Monday, July 24, 2006

So, Just Let Me Make Sure We're Both On The Same Page.

According to the American Bar Association, when the President of the United States signs a bill into law that has been overwhelming passed by the Senate, then goes back and adds "exceptions" to the parts of the bills that don't quite fit in with the neo-con perspective, in order to avoid that pesky veto/override procedure that can be so very embarrassing to a President who cannot even muster support for his agenda from his own party, then that action is against the law. In fact, it is considered contradictory to the intent of the Constitution and is yet another means by which this current Administration continues to erode the Democratic process.

Right.

Good to know.

Thanks for the 411.

(Can we please impeach this mo-fo now?)

~C~

Tuesday, July 18, 2006

Your Reproductive Rights and You (and More to the Point, Me)

Lately, because of the wear and tear on my central nervous system, and overwhelming time constraints, I have been tending to avoid topics like this when they pop up, regardless of the venue. It just upsets me, particularly in a forum like Salon, where the opportunity exists to comment.

In case you don't subscribe to Salon and can't read Cary Tennis' advice column, Since You Asked, the LW (letter writer, as those who post to Cary for advice are called on the forums) says that he and his wife are in their early 30s, make about 100K a year, and that she has been suffering of late from chronic depression, for which she's being treated (with Paxil and an occasional boost of Xanax -- a very intense "depression" cocktail). When they unexpectedly found that she was pregnant, she distinctly expressed the desire to terminate the pregnancy. He wanted the baby and "and was very upset that she felt this way." They made an appointment to see a counselor, but before the appointment, she miscarried. Mr. Wonderful believes his wife is lying to him. He believes she had an "induced abortion" (the correct terminology is "therapeutic abortion," peanut brain), and is toying with the idea of forcing her to present medical records to him as proof of her voracity. Lovely. Should these records show she's had an abortion, it would be difficult, he says, but he could forgive her.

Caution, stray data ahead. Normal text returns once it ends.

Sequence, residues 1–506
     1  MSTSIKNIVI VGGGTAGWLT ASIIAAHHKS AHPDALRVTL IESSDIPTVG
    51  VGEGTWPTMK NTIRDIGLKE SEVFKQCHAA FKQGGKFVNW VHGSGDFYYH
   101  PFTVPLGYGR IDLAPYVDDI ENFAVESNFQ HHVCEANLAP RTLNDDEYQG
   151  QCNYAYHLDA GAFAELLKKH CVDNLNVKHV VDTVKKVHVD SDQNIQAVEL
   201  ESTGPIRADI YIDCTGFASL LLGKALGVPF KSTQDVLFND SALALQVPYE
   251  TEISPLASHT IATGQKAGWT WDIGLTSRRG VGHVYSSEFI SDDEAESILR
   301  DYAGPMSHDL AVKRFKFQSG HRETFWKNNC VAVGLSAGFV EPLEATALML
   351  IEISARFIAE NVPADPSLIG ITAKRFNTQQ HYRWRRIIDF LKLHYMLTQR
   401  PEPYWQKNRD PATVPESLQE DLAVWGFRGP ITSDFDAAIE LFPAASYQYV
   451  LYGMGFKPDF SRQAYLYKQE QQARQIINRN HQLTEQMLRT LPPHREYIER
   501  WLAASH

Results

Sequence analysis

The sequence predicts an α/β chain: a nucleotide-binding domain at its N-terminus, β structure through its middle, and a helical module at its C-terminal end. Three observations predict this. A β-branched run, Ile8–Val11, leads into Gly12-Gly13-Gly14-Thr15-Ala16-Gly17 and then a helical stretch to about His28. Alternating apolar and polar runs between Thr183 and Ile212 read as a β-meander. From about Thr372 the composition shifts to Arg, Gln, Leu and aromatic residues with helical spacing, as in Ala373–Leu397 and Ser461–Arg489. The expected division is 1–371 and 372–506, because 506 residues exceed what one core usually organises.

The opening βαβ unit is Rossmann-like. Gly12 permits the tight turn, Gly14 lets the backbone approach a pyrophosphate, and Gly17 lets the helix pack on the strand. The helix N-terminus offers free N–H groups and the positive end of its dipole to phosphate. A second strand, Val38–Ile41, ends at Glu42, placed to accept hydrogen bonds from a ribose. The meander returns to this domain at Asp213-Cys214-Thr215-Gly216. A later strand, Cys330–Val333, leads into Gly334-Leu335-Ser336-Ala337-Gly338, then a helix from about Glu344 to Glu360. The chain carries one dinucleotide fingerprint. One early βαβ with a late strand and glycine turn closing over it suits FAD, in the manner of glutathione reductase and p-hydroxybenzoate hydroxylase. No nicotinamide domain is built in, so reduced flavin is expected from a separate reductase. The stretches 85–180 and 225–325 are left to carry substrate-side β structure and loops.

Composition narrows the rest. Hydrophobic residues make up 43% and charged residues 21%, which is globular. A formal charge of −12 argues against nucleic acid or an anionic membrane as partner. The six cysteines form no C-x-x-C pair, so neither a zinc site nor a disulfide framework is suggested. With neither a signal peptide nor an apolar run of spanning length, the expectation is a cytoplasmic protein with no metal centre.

Well, isn't he just the sweetest thing?

As you can well imagine, this letter sparked a particularly ferocious onslaught of posts to the Since You Asked forum, which can, for the most part be relegated into two basic categories. The first would be the "He's a Louse; She Should Dump Him" column. The second, we'll call the "Don't Men Have Reproductive Rights, Too?" column.

The first column, we'll ignore for now, since I suspect that Mr. Wonderful, whilst being wholly insensitive and obtuse, isn't truly evil -- just kind of lame and dorky. I think there may be hope for him yet, with some reeducation at one of our fine residential facilities just outside of Seattle. (tee hee -- kidding... just kidding....) But it's the second category that I comment on today.

The answer is, no. Men have no reproductive rights whatsoever. After ten thousand years of history, in which patriarchal society forced women into prostitution, forced matrimonial barter (doweries, marriage tithes, etc.), polygamy, legalized rape, sexual slavery and nonconsentual arranged marriages, I think its safe to say that men have pretty much ruled the genetic roost for quite sometime. Unfortunately for them, the chromosomal party came to a crashing halt about 40 or so years ago, with the advent of the birth control pill. Once the pill came along, it was women who made the bold decision as to when conception would take place, and with whom. Men didn't like that. They still don't. They want the power back. I don't blame them. I would too, were I in their Hush Puppies.